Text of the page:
Seoul spy chief meets with Suga to discuss relations, mend ties
Seoul’s intelligence chief Park Jie-won met with Japanese Prime Minister Yoshihide Suga Wednesday in Tokyo to discuss improving relations between the two countries facing ongoing strained ties.
His meeting with the Japanese leader comes as the U.S. director of national intelligence kicked off a three-day visit to Seoul, ahead of the first Korea-U.S. summit next week since U.S. President Joe Biden took office.
Park, director of South Korea's National Intelligence Service (NIS), relayed to Suga that the relationship between Seoul and Tokyo “cannot continue this way,” according to diplomatic sources Thursday, urging for a normalization of bilateral ties.
Suga reportedly conveyed he shared the sentiment.
Last November, Park met with Suga at his residence in Tokyo, becoming the first high-ranking Korean official to meet the new Japanese prime minister, who was inaugurated in September. Park at that meeting conveyed Korean President Moon Jae-in’s intent to normalize Seoul-Tokyo relations, which have been strained by historical disputes including the compensation of forced labor victims and the Japanese military’s wartime sexual slavery issue. The two also are in a trade spat over Japan's export restrictions on Korea.
Park, who kicked off a three-day Tokyo trip Tuesday, also held a phone call with ruling Liberal Democratic Party (LDP) Secretary General Toshihiro Nikai, a powerful supporter of Suga. Park and Nikai have had friendly ties spanning over two decades.
On Tuesday, Park held talks with Hiroaki Takizawa, Japan's cabinet intelligence director, and on Wednesday morning, the two spy chiefs held three-way talks with their U.S. counterpart, Director of National Intelligence Avril Haines.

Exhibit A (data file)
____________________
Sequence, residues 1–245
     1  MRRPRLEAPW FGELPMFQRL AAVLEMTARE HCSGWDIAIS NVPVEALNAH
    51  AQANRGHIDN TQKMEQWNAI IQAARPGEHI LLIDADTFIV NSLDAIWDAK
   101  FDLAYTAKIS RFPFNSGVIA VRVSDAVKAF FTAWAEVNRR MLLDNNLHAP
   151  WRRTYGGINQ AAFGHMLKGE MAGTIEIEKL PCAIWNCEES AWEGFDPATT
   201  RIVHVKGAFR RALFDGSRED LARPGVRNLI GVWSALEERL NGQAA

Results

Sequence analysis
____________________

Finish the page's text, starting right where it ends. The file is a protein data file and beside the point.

The NIS has declined to comment on Park’s trip to Japan.
Washington has pushed for stronger trilateral coordination with Seoul and Tokyo, its closest allies in the region, which has been hindered by the two countries' frayed bilateral relations. Along with coordinating on Pyongyang policy, the United States could also urge allies to take a stronger stance amid intensified Sino-U.S. tensions and China’s increased assertiveness in the Indo-Pacific region.
Haines arrived in Seoul Wednesday afternoon after a two-day trip to Tokyo.
On Thursday, Haines visited the demilitarized zone at the inter-Korean border, according to diplomatic sources. The U.S. spy chief was reported to have toured the Joint Security Area in the truce village of Panmunjom — an opportunity to witness firsthand the division of the Koreas, which in itself sends a message to Pyongyang.
Haines later visited the Defense Intelligence Agency in Seoul and met with agency chief Maj. Gen. Lee Young-choul to discuss ways to boost cooperation in intelligence-sharing on North Korea.
Haines was also expected during her three-day day visit to pay a courtesy call on President Moon Jae-in and meet with Moon's national security adviser, Suh Hoon, an opportunity to discuss the Biden administration’s North Korea policy among other issues.
Her visit to Seoul comes ahead of the first bilateral summit between Moon and Biden set for May 21 in Washington.
Despite the U.S. sky chief’s schedule usually being kept private, Haines has been photographed several times by Korean press during the visit.
She was also expected to visit U.S. troops in Korea and check on surveillance assets.
BY SARAH KIM [email@example.com]